In 1934 the United States federal government designated the state of Kansas to be considered as a drought area. This decision ultimately led to the established counties to obtain funds from the government’s natural resources lake and park project plan. Originally the plan sought to serve two important purposes at this time. First, to provide work for the unemployed and second, to serve the government's water conservation initiative. In the following year, the lake site was selected by a group of Kansas engineers and purchased by Marion County. One of the local engineers James Meisner proposed the original plans to convert the once previously 302.5 acres of agricultural land into a brand new park and lake. His personal plans included but were not limited to designs and placements of stone structures, roads, and landscaping recommendations. In 1936, A number of these projects and original recommendations was delegated to be completed by the Civilian Conservation Corps (C.C.C.). Specifically, the members of this federal organization assigned to the area of Marion County Park and Lake were unique because of how they had the rare distinction of being the only black veterans of World War I. In the following years, Earthen Dam, roads, bridges, and even America’s favorite pastime diamond was completed. In addition, grass and thousands of trees were scattered across the lake. The long-awaited grand opening and declaration was held on May 26, 1940. Lastly, as of 2002 Marion County Park and Lake was placed on the National Register of Historic Places throughout the United States.

    Picture 1.​ Marion County Park & Lake C.C.C. Worker Statue


  • Management Status for Marion County Park and Lake

    Marion County Park and Lake is struggling in the management department. There is currently no lake management plan, leaving directors with unclear guidelines. The citizens at Marion County Park and Lake seem to have many different opinions on the purpose of the lake, causing the management team difficulties in where to begin. Whether it’s the interpretation, recreational activities, lake pollution, boating rules, etc., the lake management plan shall incorporate as many topics as possible. To begin the efforts to form a lake management plan, a public survey shall be released to the citizens of the lake, those owning property, or those who visit Marion Lake. While this report outlines a preliminary process for public participation, this information can be incorporated for further development of the lake’s management plan in order to ensure its success.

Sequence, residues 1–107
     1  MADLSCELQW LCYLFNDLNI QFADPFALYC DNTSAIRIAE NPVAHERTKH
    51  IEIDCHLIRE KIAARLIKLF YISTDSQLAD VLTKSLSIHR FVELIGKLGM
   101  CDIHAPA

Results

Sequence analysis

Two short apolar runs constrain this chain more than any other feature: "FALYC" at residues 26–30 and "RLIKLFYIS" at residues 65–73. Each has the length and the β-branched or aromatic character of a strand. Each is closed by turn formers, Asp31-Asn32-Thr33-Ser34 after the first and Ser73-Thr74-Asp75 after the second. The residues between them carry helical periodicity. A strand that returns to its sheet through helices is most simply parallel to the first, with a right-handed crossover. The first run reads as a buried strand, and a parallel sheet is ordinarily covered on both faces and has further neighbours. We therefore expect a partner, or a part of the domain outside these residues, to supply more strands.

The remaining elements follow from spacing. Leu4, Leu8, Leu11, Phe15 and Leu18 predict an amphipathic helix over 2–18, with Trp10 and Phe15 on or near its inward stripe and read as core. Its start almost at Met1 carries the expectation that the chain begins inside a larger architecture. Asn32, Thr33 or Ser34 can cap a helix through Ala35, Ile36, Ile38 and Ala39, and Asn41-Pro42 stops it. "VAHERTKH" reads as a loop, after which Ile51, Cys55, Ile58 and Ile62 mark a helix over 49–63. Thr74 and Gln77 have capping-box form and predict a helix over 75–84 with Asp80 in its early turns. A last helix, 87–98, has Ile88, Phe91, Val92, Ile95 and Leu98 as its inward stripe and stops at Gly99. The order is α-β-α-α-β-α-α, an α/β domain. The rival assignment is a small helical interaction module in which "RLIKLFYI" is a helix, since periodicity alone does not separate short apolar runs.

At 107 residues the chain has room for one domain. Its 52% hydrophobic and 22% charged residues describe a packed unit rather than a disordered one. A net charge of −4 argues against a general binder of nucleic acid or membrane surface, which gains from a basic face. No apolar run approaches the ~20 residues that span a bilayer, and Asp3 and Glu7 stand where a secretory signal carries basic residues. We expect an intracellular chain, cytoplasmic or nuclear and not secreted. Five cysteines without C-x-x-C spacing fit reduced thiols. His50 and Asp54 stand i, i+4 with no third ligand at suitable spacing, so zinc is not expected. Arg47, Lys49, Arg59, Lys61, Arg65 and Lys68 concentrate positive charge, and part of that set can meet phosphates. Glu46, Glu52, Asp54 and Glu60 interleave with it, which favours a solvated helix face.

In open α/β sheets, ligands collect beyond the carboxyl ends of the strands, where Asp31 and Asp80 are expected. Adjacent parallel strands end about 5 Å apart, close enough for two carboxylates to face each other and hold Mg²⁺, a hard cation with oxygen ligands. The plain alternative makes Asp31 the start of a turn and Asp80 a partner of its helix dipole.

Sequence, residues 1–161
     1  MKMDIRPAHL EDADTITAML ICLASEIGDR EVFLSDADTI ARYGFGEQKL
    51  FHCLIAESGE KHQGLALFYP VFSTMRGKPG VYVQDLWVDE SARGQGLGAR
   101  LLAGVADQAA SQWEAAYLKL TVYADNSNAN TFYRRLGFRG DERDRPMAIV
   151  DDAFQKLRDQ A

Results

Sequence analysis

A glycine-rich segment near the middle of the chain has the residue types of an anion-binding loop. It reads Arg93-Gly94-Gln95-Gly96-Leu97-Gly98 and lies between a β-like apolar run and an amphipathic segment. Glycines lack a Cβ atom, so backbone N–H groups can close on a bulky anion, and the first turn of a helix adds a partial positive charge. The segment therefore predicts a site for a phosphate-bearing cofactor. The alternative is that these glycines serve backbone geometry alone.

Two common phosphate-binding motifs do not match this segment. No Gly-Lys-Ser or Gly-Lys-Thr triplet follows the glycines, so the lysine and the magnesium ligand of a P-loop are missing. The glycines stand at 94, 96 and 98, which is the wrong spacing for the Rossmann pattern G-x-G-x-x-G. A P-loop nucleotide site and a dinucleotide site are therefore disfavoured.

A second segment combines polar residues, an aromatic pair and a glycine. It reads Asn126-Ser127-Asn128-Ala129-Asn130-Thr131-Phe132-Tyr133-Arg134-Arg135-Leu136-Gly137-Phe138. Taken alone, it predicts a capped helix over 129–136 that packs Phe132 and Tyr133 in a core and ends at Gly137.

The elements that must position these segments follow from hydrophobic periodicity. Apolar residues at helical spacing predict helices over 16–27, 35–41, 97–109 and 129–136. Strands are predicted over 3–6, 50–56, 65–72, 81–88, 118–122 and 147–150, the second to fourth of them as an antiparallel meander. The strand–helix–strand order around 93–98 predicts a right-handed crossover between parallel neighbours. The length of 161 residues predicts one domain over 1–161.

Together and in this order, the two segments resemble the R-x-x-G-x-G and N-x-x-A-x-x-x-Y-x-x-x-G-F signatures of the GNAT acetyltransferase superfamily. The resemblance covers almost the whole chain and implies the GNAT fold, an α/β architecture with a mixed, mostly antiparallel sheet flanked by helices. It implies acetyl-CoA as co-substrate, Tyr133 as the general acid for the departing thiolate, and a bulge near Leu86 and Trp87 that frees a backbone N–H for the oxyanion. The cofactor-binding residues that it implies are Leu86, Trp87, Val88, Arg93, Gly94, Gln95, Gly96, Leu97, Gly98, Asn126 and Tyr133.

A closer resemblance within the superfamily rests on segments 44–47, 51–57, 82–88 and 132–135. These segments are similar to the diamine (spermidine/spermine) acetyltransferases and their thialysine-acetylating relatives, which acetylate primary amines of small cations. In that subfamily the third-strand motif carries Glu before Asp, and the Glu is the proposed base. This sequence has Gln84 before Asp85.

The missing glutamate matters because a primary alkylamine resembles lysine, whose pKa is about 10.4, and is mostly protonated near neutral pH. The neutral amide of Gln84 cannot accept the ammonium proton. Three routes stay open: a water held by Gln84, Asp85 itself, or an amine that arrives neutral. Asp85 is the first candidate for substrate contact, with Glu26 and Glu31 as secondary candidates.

Importance of Public Participation Successful societies thrive on participation, agreement, and strong leadership. In

    order to effectively manage any form of public entity, incorporating public preference into actions or ideas greatly increases the attitudes and participation of those in the community. Public surveys are one of the most common and easiest way to gather opinions and data to find a general consensus, average, or outlier.

    For any type of decision making at the management level, the potential of social and ecological performance relies greatly on public participation. In Patricia Perkins’ article, “Public participation in watershed management: International practices for inclusiveness,” she discusses participatory processes from around the world for decision making, and the importance of public opinion. The theoretical reasons she outlines, show that broad public participation is the foundation of substantial development. More importantly, the way the public participation process is carried out is a crucial key in its success.

    Some challenges with involving the public is the cost, the difficulty of analysis, participants being misled and rising people’s hopes which can lead to anger, and finding people that have time and energy to participate (Perkins, 2011). With participatory processes related to watershed management, that can also be related to other management types, several factors need to be considered. These factors include the population to be represented, the accountability of such members, and the role of experts. Factors closely relating to lake management surveys would be the scale and


  • time frame of the survey. These factors have been considered with the process of involving public parti